Another horror anthology from the writer/director of Tales from the Crypt, this one with an even weaker framing story. But now it’s Peter Cushing’s turn to be the arch-villain (vith ze fake german accent), a psychic who predicts very specific supernatural deaths for everyone riding in his train car, including skeptic Christopher Lee.
First, Neil McCallum (of forgotten thriller Catacombs) is an architect who clumsily frees an evil werewolf from inside the walls of old Mrs. Biddulph’s home, faces the consequences.
In the silliest segment, Bill (BBC DJ Alan Freeman) brings home botanist Jeremy Kemp (of Blake Edwards’s Darling Lili) to examine his haunted vine. “A plant like that could take over the world,” Bill is told, before it kills them all.
Next, Roy Castle, who joined Cushing in a Dr. Who movie the same year, is musician Biff Bailey. He travels to the West Indies, disrespects voodoo rituals and makes a jazz arrangement of their sacred music, bringing vengeance in the form of a face-painted black man who appears in Biff’s apartment and murders him. Pretty much the same plot as the Papa Benjamin episode of Thriller a few years earlier.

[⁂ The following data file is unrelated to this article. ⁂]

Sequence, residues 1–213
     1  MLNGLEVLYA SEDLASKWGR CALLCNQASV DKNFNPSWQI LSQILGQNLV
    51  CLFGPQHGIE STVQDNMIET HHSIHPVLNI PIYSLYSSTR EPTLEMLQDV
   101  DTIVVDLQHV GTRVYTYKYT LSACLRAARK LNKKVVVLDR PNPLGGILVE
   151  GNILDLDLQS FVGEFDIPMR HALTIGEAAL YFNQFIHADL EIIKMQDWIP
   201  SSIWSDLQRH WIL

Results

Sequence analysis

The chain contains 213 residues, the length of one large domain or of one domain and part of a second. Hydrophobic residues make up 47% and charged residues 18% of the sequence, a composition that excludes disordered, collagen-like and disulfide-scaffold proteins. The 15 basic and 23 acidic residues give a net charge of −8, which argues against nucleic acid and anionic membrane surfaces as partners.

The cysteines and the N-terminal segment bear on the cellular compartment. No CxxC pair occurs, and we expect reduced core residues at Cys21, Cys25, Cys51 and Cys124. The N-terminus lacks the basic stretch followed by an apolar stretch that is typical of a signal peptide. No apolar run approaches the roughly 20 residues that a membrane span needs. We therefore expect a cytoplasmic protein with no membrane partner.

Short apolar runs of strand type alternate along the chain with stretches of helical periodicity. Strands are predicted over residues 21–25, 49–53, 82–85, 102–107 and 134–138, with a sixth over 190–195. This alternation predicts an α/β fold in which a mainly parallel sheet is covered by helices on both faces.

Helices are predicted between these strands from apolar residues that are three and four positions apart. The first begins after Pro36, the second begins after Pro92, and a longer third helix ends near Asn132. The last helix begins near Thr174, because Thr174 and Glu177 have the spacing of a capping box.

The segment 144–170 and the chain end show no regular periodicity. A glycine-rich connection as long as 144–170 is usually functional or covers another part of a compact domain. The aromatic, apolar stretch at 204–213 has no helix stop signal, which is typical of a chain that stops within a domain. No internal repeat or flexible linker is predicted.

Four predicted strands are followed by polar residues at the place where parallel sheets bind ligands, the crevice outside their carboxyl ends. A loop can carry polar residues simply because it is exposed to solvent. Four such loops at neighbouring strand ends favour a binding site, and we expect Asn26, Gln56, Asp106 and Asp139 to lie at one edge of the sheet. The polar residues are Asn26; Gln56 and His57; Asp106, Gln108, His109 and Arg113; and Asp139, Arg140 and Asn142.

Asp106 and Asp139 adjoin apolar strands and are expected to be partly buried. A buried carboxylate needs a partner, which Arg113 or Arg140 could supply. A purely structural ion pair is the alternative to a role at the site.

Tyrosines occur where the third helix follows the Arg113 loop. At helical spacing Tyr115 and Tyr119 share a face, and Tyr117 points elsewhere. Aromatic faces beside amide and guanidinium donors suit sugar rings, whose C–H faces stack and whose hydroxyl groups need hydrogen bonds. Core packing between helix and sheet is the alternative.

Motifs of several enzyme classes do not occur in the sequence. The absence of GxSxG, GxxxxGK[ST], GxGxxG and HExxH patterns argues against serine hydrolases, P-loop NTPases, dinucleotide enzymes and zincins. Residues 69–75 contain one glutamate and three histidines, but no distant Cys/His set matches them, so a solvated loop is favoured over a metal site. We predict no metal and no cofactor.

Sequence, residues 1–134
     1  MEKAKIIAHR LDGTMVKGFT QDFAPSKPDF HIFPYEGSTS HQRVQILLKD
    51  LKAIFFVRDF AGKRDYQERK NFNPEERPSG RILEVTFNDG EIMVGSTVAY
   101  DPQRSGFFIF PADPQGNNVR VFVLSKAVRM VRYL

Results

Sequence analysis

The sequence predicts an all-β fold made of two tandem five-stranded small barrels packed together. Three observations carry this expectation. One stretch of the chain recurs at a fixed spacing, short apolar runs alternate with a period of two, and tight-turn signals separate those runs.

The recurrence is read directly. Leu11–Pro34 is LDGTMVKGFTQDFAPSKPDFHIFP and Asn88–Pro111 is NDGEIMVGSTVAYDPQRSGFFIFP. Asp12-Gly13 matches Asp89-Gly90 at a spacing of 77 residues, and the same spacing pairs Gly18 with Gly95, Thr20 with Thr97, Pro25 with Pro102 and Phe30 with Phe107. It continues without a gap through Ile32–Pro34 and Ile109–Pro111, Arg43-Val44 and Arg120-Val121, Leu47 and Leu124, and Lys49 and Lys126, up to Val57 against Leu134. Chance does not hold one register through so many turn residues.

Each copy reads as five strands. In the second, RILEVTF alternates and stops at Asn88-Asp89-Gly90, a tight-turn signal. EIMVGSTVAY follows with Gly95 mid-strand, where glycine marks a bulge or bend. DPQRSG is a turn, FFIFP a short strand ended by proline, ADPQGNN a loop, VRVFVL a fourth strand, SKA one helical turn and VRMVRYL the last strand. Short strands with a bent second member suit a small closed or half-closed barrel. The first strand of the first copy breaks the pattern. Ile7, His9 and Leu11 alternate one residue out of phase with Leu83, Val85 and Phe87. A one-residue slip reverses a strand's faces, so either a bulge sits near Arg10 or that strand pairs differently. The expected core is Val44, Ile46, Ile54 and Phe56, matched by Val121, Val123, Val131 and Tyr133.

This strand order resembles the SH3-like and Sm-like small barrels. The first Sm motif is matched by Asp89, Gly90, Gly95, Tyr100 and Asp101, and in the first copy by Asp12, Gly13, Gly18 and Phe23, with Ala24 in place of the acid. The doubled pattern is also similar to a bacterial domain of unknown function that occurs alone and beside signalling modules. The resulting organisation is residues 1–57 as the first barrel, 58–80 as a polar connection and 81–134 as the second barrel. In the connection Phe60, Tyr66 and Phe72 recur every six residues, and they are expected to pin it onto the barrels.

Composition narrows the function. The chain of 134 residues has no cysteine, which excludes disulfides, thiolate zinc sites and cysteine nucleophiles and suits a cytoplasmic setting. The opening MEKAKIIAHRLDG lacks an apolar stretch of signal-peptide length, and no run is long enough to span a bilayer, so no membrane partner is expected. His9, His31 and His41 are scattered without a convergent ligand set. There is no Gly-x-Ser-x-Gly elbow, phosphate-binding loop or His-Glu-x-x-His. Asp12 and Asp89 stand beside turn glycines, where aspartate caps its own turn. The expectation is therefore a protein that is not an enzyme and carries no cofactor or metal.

Roy runs across the movie’s own poster:
For some reason the movie doesn’t save the skeptic’s episode for last. “I live by my vision,” says art critic Christopher Lee, so of course he is blinded in crash. But first, he has a cruel rivalry with painter Michael Gough (The Horse’s Mouth), crushes Gough’s hand in a hit-and-run, then after Gough kills himself the hand follows Lee, causing the blinding crash. At least it’s more eventful than the haunted vine.
Finally young doctor Donald Sutherland (in only his second real film role) brings home new wife Nicole (Jennifer Jayne of MST3K-bait The Crawling Eye). Max Adrian (Delius in Delius) is the only other doctor in town, suspects that the blood-drinking bat-morphing Nicole might be a vampire, convinces Donald to kill her with a stake. Twist: Max Adrian is a vampire using Donald to eliminate his competition, as Donald is carted off to jail.
But wait – they were dead all along!
But wait – if that’s true, what was the point of all the stories? Each passenger, even skeptic Christopher Lee, queasily accepted his own ludicrous tale of future demise, never interjecting “oh I doubt a vine is going to kill my whole family” or “but I’ve never even been to the West Indies,” or “then I won’t dig the werewolf casket out of the lady’s wall, so now do I get to live?” The tales are assumed to take place in the future, since on the train Lee is not blind, and Donald is not in jail. Then they’re all supposedly killed in a train accident, so either Dr. Terror was completely fucking with them or else he was holding them captive with his stories in order that they would die – but without the stories, where else would they have gone? All I’m saying is that Dr. Terror’s House of Horrors might contain some inconsistencies.